S.M. But how can you be certain- were you with them when Charles Goodfrey-Walker died?

N.G. No. I was in transit to Telamer V.

There is something about the stillness in Nick’s face, and the blankly open stare that makes me say:

S.M. You didn’t kill him, did you, Nick?

N.G. Heavens to Betsy, Sam, what a dreadful idea.

We stare at each other for a moment; yet another stalemate in this fascinatingly frustrating interview.

S.M. What happened to you when you arrived on Telamer V?

N.G. I was greeted by Adam, the leader of the Telamer, who I had not seen in some time. He thanked me profusely for coming, and we sat together by the Fountain of Peace for the afternoon. At one point, the Telamer servant animals brought us high tea.

My curiousity at my guest’s homicidal tendencies is eclipsed by the jaunty idea of the ancient Adam sitting in the spray of the Fountain of Peace offering a slightly less ancient android a cucumber sandwich. I laugh.

S.M. That’s an amazing image, Nick. What a shame no one ever captured it!

N.G. The Telamer frowned on paparazzi even then; Telamer V has always been one of the most private places to be for most of humanity’s time in the GAGA.

He pauses, then looks wistful.

N.G. I would have liked to have a photographic record of that afternoon, though. It was an amazingly cleansing experience, after the rigours of long combatance.

 

S.M. I can imagine. What did you discuss, if I might ask?

N.G. Of course. Adam wanted an entire accounting of what I had seen and done during the Great Corporation War. He wanted an unbiased dissection of the approach and psychology of both sides, their methods only insofar as I had seen, and the characters of the leading players.

S.M. My God, I would love to have a transcript of that. It would be an historical marvel.

N.G. Perhaps one day I will tell it to you- you might make a book of that.

S.M. It would be your book, Nick- I would just be the scribe.

Nick offers me a coy smile. He winks with his left eye at me.

N.G. You bring out the shades of my past in more color than I care to remember them these days.

S.M. Fine praise, Nick. Can you paraphrase what you told Adam that afternoon?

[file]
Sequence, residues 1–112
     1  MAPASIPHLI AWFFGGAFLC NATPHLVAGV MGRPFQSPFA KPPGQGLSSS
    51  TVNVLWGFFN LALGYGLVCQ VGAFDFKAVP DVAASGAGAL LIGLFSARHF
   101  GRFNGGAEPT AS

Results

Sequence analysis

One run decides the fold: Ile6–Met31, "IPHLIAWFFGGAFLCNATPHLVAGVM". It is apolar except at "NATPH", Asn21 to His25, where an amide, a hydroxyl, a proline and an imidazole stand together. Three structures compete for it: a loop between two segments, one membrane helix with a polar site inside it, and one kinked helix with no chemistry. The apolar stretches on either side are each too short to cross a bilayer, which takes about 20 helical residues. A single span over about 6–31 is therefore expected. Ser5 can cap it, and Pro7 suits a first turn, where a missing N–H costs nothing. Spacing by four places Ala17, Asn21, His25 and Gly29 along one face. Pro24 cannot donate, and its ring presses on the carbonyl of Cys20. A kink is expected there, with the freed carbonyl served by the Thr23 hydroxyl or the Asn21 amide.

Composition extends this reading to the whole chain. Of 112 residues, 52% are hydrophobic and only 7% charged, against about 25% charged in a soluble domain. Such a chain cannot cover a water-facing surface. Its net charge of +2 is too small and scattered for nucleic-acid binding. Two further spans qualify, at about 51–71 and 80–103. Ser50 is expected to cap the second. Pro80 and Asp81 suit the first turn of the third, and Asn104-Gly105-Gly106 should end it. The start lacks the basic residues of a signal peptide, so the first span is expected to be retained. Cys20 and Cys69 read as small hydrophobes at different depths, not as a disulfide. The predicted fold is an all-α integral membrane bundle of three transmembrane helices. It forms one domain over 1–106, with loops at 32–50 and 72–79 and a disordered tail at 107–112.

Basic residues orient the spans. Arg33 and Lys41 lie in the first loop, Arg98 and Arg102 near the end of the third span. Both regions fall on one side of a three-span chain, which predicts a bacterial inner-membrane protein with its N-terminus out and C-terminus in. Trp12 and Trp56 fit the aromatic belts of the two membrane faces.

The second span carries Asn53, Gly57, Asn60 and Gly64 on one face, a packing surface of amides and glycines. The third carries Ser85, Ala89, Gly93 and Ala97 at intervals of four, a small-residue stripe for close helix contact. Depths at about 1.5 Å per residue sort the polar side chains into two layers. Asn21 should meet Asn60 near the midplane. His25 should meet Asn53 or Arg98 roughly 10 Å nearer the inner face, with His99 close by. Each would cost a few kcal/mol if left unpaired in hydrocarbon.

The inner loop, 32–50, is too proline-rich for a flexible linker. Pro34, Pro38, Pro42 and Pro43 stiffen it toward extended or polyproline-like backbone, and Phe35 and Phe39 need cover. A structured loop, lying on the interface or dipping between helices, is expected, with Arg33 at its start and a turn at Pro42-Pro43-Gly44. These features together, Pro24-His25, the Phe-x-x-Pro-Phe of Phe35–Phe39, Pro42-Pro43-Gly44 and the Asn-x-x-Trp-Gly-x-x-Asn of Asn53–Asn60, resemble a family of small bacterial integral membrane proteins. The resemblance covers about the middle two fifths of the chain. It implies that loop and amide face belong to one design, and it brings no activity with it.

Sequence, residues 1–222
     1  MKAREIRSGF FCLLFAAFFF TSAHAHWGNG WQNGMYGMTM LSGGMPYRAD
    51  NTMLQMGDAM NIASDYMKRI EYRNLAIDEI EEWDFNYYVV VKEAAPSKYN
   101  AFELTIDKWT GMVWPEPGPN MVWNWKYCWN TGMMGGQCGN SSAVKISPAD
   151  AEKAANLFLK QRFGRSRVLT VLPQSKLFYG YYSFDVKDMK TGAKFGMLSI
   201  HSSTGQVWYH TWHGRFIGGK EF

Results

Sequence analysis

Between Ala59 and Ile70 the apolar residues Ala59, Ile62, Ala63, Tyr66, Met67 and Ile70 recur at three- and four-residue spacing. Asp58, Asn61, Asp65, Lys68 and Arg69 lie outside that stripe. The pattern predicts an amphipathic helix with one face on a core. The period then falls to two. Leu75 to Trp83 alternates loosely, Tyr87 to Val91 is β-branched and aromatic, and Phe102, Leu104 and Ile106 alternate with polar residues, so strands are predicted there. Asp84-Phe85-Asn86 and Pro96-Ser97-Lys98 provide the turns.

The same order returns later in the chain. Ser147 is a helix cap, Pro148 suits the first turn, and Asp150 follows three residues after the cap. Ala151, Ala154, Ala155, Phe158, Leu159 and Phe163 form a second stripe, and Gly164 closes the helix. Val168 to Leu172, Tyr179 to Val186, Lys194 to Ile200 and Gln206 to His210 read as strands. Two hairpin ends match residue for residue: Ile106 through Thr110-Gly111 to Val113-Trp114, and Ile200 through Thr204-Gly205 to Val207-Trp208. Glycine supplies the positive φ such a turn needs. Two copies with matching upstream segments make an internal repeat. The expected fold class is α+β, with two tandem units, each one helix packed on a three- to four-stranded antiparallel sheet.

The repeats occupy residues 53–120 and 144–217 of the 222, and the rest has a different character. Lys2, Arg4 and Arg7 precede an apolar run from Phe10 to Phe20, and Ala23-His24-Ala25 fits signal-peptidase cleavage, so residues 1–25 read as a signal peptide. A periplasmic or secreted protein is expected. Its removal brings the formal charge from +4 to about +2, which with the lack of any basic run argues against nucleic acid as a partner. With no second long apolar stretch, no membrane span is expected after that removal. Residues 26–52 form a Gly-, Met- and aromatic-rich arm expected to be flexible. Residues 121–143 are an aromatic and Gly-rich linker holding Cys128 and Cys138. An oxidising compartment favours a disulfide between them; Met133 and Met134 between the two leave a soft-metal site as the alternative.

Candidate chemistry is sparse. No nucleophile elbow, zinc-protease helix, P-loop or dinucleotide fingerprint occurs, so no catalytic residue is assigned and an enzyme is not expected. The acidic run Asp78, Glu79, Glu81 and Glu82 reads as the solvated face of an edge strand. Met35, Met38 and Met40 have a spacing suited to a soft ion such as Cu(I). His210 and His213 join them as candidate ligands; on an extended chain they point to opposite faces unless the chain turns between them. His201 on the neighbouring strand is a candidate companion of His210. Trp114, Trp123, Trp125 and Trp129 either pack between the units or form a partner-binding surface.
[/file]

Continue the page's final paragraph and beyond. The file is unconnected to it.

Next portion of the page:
N.G. I told him how tired I was, of the fighting, of the petty machinations that were played out on this vast stage of ours. I told him, in essence, that the power of the Galaxy had gone unchecked in human hands and was now out of control. I told him about the casual disregard for the fineness of natural construction, i.e. How the humans obliterated the delicate and the complicated creations of the Galaxy with equal gusto in their heated struggle for domination. I told Adam that Charles Goodfrey-Walker was a psychopath with self-sabotaging tendencies and a grudge against his foes that stretched back to the early days of the Corporations’ conception in a way that was utterly direct as opposed to an inherited or learned behavior. I told him that the Sinclair family had fallen upon decadence and cared only to increase their income to keep in stride with their spending and obviate their crimes; that Hoshido had been mad at the start and his children were no longer human but forms of genetically spliced cybernetic devices. I told him that Yang and Gupta had only formed alliances with the others out of mutual hatred of each other and a desperate urge to supplant the established players and prove that they, too, could be at least as conniving, consumptive and heedless as they who had formed the benchmark for such behaviour before them.

S.M. … so, why didn’t the Telamer just ice us all summarily right then and there, over tea?

Nick chuckles. He returns to his more engaged posture of legs crossed, fingers laced over a knee. I wonder in distraction as he begins to speak if I should tell him that it would look more natural if he mastered a slight slouch.

N.G. I wasn’t telling Adam anything he didn’t know already; the Telamer are incredibly perceptive of psychology, even over great distances. And besides, my deposition was not a judgment against the species as a whole, but the acts and motivations of a few of you.

S.M. What did Adam think of everything that you told him?

N.G. The night came on as I spoke; a great lavender bowl settled upon us punctuated by an exsquisitely gentle, sighing breeze. Adam grew cold, or perhaps he wished a few moments to digest everything I had told him and was reluctant to send me away while he considered it. At any rate, he asked me to help him inside to his chambers, and while the animal servants tidied the remains of the tea, the old Telamer leaned on my arm as I walked him into his quarters.

S.M. It sounds as though Adam likes you very much. That’s high praise from the fellow who single-handedly saved humanity and brought us into the GAGA.

N.G. I believe we share a special friendship, yes. We both are thrust outside the sphere of action in this life, due to circumstances we never could have controlled. Yet we both must continue to act in it, in some way. I like him, too; he’s a very funny individual.

S.M. I’ve heard he has a wicked sense of humor.

We paused for a moment, thinking of the ancient, lined face and liver-spotted hands of the enigmatic and immensely powerful Adam.

N.G. After we settled in his deep and cozy chairs, he told me what he wanted from me now. “You’re going to put an end to this fiasco, Nick,” he told me.

Nick takes on the voice of the Telamer leader as he tells me his words from so long ago. I am delighted by the android’s impersonation, and clap a hand to my leg in approval as Nick continues.

N.G. I did not think to question him, nor to dispute my ability to do so. Adam was at that time the closest to my programmer of origin, and so his words resonated with me practically as closely as the directives of Thordin would have done. It was a reality- the war was going to end now.